The allegation went one sided. They all saw Africa in bad light. Not knowing that bad referee isn't a big deal in world football.

Yeah, unfortuantely racial bias will always surface with this kind of thing but hopefully my post has shown that referees from all around the world regardless of race or nationality are equally rubbish :-)


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Wow, you packed loads into that post. What a brilliant trip down memory lane. Some crazy crazy decisions there. The French one really hurt at the time and Henry went down a lot in my estimation that day. The worst of all was the way he sat down beside Richard Dunne to console him after blatantly cheating moments previously. Do fuck off Thierry!!

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I loved Dunne as player actually, heart of a Lion, cut out of similar stone as our best ever defender Paul McGrath.

Haha, well gotta maintain that public image as a good guy. Those sponsors will soon be walking away if everyone is asking what's the French for ch ch ch cheat


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This issue of referee decisions, before I do think it was worse but with VAR these days, I just feel it's even more better back then. VAR has made football less interesting to some extent.

Yeah, I think a lot of people would agree with you especially when it comes to goals. You used to be able to celebrate a goal, now you have to wait nervously while they try and find a reason not to give it!


As fans, we just have to keep hoping and watching!

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Some people seem to love making the stupid argument that ref mistakes "add flavor to the game". I don't think injustice or unfairness is a good flavor to add to your sport.

No certainly not, I think most fans would be happy talking more about the game itself rather than the decisions that impact them. There are a lot of very simple changes that the footballing authorities could bring in that would support refs and improve decision making but they don't seem to want to make those changes which does suggest that someone has a vested interest in football continue to have a poor officiating!


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A performance I'll never forget is the horrible decisions that the ref made when United ended our unbeaten run. If VAR existed back then, the penalty wouldn't have even happened. Blatant dive.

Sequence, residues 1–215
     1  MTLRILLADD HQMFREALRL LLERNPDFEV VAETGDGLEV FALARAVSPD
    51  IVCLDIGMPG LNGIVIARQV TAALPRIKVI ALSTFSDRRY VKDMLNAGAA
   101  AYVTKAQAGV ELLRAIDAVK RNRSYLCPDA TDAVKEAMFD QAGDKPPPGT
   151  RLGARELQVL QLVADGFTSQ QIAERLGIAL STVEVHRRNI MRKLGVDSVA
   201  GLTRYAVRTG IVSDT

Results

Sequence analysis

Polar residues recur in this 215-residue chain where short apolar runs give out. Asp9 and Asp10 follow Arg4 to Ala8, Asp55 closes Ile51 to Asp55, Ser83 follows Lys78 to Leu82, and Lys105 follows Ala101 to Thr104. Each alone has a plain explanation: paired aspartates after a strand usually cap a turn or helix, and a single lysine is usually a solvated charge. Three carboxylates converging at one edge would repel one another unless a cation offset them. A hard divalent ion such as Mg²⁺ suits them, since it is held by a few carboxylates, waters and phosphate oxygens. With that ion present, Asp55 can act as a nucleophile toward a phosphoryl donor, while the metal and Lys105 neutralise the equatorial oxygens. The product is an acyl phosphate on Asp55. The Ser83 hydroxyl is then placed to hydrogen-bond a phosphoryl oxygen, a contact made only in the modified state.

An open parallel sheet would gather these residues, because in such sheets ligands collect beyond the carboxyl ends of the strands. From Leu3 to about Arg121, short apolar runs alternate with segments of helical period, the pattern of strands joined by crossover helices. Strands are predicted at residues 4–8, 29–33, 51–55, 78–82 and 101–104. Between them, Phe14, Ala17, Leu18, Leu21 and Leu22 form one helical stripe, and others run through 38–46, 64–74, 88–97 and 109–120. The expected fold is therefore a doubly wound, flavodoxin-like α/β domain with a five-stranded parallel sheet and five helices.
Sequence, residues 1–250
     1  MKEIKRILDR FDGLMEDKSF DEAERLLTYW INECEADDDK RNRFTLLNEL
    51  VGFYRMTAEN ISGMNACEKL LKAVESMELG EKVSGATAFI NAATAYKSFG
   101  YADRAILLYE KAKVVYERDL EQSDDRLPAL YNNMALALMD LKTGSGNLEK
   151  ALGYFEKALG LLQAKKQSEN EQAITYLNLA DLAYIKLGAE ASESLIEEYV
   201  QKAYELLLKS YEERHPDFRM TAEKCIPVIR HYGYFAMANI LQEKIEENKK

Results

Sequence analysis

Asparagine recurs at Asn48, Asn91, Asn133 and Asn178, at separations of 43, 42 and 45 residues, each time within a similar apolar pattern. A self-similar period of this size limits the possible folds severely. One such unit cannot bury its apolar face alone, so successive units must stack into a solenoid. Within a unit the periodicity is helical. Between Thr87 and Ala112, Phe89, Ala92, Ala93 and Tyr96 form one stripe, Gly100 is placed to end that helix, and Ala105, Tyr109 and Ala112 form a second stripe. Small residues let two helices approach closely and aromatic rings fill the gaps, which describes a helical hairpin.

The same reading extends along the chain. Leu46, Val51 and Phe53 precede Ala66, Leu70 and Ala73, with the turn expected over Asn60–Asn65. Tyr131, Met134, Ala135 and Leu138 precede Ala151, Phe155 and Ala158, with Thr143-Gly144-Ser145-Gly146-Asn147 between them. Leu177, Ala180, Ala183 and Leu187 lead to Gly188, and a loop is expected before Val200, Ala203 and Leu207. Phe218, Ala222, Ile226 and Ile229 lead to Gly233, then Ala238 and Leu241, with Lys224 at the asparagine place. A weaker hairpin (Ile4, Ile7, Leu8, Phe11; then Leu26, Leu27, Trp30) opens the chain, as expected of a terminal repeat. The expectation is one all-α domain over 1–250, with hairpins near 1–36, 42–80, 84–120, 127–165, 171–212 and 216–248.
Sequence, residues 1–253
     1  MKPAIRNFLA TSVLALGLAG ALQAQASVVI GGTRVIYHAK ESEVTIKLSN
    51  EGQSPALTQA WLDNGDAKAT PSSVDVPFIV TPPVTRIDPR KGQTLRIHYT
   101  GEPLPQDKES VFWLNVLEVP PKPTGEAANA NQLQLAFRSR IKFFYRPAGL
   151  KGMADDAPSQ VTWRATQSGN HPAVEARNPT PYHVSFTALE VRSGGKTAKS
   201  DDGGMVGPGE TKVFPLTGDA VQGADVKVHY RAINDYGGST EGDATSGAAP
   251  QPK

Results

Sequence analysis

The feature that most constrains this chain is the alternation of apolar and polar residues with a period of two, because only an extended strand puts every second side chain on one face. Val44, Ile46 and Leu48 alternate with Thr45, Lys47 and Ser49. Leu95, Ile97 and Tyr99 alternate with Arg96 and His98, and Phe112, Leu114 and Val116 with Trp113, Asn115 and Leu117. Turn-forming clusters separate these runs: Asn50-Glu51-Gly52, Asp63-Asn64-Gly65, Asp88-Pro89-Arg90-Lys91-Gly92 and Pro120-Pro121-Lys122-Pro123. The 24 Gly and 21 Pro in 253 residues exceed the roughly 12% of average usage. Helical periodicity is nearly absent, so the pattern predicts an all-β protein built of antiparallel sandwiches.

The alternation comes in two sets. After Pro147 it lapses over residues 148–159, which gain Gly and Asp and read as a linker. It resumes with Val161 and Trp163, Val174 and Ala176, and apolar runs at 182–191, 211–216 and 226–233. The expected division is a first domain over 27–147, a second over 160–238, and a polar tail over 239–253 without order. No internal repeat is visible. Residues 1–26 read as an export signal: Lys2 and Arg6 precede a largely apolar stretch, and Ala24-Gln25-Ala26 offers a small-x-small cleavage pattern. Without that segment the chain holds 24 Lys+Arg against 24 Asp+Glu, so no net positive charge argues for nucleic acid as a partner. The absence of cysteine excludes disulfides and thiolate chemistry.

It still hurts till this day.

The referee in that game was a joke and is yet another example of United getting very favourable decisions at home.

I mean they should have been down to at least 9 men before they even got that dodgy penalty. Neville 2 stonewall yellow cards (watch him complain that Reyes is diving when he is finally booked) and Van Nistelrooy a straight red for that leg breaker on Cole. Arguably Ferdinand should have been sent off as well!


The irony about history is that it doesn't take account of these events during conversations. Under Fergie, Manchester United were constantly being favoured by refs but that's a conversation people like to avoid

Maybe United fans like to avoid it but then who wants to have a conversation with one them anyway?

The joke in the UK used to be that most United supporters are little kids who live in the South of England I.e. a long way from Manchester.

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Poor officiating isn't new no more. I've decided to just get used to it or laugh over some and walk away. It doesn't really concern me.

But for the sake of fairness, referrees should do their jobs well

I think we should all expect better from football referees while at the same time remembering they are human beings making in many cases subjective decisions that we will never agree with all of the time

Thanks for stopping by